Yesterday the Red Shouldered Hawk baby could be heard from my house, at least 1/4 mile from its nest in Cooper's Grove. It's getting very vigorous! I have in my bookshelf Life Histories of North America Birds of Prey by Arthur Cleveland Bent. The book is based on observations from the late 1800's and early 1900's. It is compiled from the reports of many dedicated observers, and the manuscript was finished in 1936. Thus, it is an interesting historical document that reveals much about past environments and attitudes of humans toward birds.
The section on the Nesting Habits of Red-Shouldered Hawks includes this passage:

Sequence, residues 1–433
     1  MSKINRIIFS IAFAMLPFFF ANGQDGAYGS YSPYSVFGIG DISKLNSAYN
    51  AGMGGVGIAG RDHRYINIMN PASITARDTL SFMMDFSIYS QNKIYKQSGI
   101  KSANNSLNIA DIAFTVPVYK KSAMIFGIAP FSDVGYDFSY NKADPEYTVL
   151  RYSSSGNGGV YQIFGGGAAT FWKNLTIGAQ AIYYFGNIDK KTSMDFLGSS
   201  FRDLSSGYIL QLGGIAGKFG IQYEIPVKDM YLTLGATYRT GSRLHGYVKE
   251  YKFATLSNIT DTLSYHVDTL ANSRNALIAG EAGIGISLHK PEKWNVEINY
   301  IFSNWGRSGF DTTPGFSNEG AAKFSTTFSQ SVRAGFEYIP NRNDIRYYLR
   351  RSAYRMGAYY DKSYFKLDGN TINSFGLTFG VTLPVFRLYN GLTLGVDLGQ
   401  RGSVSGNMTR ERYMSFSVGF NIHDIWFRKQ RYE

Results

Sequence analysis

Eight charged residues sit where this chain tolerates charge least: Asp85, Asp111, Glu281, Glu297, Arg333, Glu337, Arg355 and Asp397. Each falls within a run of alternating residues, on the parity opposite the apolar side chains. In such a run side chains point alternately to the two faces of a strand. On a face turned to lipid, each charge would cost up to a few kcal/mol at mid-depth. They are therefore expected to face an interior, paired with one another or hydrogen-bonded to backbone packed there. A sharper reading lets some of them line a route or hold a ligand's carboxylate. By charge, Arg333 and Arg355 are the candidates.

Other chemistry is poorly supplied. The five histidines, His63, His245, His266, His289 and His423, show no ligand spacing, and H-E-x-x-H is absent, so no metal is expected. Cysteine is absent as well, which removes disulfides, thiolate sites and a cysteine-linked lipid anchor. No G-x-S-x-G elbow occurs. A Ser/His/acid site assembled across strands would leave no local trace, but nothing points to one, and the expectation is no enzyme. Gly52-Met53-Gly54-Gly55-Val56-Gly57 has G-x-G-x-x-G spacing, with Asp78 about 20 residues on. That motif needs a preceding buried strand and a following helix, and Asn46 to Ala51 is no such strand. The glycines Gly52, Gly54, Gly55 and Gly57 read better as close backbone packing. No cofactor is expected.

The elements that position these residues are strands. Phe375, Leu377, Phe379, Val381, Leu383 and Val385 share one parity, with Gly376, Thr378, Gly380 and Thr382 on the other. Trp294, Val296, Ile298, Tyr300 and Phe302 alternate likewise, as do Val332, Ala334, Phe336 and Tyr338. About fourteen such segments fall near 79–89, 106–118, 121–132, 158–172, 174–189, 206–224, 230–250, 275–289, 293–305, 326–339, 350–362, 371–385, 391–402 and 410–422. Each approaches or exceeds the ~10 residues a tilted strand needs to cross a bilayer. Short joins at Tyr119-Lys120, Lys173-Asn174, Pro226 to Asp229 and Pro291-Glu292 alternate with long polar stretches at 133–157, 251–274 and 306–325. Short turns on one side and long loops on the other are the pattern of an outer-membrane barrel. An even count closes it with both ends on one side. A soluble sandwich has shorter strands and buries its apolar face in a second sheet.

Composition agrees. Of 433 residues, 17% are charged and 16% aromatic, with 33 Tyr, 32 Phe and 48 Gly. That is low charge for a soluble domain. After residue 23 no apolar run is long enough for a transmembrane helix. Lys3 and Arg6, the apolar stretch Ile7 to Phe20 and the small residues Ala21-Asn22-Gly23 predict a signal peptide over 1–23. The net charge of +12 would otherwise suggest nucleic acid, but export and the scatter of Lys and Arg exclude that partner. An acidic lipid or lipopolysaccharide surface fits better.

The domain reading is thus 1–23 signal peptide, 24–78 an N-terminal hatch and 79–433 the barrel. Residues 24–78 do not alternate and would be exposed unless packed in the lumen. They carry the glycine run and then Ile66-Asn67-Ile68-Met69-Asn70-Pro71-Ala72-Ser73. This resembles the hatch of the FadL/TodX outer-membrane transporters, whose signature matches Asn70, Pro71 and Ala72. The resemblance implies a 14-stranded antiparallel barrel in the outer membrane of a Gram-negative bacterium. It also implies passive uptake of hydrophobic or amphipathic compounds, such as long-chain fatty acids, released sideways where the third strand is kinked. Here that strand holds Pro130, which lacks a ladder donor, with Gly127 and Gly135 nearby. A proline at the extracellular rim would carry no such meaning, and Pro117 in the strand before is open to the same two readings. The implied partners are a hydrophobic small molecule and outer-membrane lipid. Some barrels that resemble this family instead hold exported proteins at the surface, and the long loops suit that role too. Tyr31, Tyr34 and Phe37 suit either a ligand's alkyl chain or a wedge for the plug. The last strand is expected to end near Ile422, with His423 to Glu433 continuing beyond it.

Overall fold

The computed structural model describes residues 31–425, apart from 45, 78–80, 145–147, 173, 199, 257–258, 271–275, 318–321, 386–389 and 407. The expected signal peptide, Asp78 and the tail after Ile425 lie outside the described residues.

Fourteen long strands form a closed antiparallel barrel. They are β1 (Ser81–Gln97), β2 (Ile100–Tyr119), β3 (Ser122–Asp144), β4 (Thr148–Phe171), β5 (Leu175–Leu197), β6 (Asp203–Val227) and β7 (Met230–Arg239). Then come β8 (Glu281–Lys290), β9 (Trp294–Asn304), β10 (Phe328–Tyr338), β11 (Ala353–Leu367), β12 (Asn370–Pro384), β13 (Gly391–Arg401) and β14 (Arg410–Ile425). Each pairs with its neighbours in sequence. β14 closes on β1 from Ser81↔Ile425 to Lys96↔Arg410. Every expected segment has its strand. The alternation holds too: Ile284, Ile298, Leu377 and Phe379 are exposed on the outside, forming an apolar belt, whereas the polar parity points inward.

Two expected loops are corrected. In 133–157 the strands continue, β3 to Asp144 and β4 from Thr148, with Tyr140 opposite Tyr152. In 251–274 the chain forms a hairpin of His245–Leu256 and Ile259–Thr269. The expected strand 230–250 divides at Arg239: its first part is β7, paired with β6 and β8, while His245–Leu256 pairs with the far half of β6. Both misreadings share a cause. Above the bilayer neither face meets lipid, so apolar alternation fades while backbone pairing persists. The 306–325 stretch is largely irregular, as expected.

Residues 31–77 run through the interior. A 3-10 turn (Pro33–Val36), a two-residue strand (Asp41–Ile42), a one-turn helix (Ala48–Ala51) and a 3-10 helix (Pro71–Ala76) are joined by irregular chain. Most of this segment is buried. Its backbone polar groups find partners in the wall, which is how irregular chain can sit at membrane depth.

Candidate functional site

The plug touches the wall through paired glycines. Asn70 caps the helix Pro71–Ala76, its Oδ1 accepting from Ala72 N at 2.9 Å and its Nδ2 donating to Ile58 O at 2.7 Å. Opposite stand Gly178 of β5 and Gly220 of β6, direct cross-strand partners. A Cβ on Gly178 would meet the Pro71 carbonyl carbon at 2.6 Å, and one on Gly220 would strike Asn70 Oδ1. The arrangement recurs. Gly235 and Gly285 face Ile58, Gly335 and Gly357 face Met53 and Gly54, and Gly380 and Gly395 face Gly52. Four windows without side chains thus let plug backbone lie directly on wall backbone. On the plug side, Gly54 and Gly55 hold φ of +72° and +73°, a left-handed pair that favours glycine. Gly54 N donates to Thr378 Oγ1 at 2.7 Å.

I would like to see those old groves. I read recently that the precipitous demise of the passenger pigeon from sky-obscuring flocks requiring days to pass to complete extinction was brought about mostly by the destruction of the great Eastern hardwood forests.
The book from which the passage above is taken has many accounts of people shooting birds of all varieties, including this interesting story about shooting a swallow-tailed kite:
I think there were many more birds in general back then, so perhaps shooting them in order to admire them more closely did not seem in that context quite as insane as it does today.
Amos Clifford, Guide and Restorative Council Mentor; trainer in restorative justice, restorative dialogue with nature, and circle-keeping and the way of council; mentor.